Saturday, January 30, 1999 Published at 00:21 GMT
Business: The Company File
Lucas axes 750 Welsh jobs
Unions have reacted angrily to news of the job cuts in Ystradgynlais
UK motor parts group Lucas Varity is axeing 750 jobs at its Welsh car components factory.
The announcement comes a day after it agreed to a £4bn ($6.59bn) takeover by American company TRW.
The company, a joint venture between LucasVarity and Japanese firm Sumitomo Electric Industries, said it was restructuring its UK business.
The Ystradgynlais site will be changed to a customer support centre, employing 100 staff, compared with the 840 workers presently on site.
Decline in demand
General manager David Boulton said: "The decision to cease manufacture at the location has been driven by a pronounced decline in UK automotive customer volumes and the necessity to remain globally competitive."
Roger James, Welsh regional secretary of the Amalgamated Engineering and Electrical Union, said the job cuts were a "devastating blow" to the local economy.
"The workers feel very bitter about this. The company has said it will help workers find alternative employment, but they must be living in cloud cuckoo land because skilled jobs like this are not easy to find in this area."
Ken Jackson, general secretary of the Amalgamated Engineering and Electrical Union, said: "I cannot see any reason for these job losses. The union will be arguing for the decision to be reversed."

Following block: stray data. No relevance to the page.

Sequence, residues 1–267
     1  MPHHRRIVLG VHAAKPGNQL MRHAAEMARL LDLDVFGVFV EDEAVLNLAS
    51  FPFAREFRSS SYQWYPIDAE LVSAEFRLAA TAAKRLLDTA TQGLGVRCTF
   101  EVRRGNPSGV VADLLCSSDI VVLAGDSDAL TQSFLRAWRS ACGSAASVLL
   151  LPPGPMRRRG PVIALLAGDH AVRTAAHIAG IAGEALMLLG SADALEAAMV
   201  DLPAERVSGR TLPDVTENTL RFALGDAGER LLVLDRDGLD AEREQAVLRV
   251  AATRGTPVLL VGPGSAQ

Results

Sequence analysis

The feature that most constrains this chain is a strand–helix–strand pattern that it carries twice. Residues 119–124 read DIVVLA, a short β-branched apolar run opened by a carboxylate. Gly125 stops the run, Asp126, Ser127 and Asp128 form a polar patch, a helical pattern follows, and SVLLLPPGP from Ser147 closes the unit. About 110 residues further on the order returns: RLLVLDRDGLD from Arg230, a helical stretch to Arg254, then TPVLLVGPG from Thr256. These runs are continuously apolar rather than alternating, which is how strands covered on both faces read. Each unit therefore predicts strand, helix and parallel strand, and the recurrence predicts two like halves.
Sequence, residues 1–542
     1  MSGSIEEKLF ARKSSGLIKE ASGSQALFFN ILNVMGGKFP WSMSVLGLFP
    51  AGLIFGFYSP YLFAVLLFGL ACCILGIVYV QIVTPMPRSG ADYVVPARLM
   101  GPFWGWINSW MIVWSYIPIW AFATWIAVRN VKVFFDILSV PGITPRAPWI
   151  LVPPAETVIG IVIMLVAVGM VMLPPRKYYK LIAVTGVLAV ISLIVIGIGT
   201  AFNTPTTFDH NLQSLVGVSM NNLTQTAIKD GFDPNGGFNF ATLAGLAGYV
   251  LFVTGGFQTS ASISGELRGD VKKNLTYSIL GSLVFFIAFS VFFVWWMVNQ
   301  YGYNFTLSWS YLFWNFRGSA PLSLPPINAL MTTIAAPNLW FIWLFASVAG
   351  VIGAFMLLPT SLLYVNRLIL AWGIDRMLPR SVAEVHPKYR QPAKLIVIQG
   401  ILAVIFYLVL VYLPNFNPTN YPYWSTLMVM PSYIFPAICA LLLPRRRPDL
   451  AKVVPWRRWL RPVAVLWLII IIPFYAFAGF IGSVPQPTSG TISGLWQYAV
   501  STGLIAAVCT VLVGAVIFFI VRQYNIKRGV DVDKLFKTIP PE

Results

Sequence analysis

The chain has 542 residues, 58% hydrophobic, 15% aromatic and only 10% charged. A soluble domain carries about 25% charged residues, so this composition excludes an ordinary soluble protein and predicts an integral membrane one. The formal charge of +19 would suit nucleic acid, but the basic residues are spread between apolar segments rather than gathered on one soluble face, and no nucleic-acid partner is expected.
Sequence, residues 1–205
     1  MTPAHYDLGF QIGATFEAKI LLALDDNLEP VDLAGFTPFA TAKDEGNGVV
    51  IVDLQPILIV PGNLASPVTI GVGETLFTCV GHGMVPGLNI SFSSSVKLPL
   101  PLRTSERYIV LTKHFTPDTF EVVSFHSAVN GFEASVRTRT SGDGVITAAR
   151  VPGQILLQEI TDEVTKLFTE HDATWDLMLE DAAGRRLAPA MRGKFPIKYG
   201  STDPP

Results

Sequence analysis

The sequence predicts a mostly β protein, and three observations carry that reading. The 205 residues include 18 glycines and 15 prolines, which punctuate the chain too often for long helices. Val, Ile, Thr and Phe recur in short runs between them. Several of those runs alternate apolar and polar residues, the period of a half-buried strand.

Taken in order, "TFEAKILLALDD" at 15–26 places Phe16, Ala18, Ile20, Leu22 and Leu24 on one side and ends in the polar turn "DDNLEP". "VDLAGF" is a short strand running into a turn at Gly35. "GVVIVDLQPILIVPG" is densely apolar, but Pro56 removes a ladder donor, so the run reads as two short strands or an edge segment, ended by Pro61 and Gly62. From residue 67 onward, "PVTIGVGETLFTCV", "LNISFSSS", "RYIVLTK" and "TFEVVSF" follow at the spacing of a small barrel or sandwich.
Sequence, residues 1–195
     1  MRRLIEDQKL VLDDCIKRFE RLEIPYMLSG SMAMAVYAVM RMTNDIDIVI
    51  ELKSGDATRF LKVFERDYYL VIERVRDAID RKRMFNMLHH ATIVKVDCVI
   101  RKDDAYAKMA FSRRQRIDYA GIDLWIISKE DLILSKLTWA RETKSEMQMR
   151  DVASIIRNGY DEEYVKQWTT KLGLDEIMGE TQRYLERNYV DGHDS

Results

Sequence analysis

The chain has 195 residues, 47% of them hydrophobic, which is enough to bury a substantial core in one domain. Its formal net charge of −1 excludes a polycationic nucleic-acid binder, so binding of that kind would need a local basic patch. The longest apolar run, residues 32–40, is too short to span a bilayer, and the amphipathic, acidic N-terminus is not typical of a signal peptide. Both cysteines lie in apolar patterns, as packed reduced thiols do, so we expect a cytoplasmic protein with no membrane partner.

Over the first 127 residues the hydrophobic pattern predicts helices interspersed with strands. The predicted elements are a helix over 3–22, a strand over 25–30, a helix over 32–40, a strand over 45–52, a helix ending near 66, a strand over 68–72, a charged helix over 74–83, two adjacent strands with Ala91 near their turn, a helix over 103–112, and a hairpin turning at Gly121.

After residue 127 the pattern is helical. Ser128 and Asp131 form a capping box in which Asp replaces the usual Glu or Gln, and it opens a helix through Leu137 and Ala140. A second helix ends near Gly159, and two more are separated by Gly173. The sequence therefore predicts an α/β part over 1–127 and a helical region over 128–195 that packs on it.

In a separate development, LucasVarity also announced plans to close a brakes-producing plant in Cincinnati, Ohio by January 2000, which will result in 230 job losses.
Production will be transferred to other plants in Ohio, Germany and Mexico.
Meanwhile another union leader warned that the multi-billion pound pension fund at LucasVarity could be under threat as a result of its takeover.
The car parts giant is the subject of a bidding battle between airbags-to-aerospace group TRW and rival contender brakes maker Federal-Mogul.
Federal had its £3.9bn 50-50 cash and shares bid for LucasVarity rejected on Monday but is considering making a higher bid.
He told BBC Radio 5 Live: "The £4bn in the fund and particularly the £1bn surplus is very attractive indeed."
"The employees are concerned that while they are only 15,000 in number in the UK, the fund has to look after 40,000 pensioners," he added.
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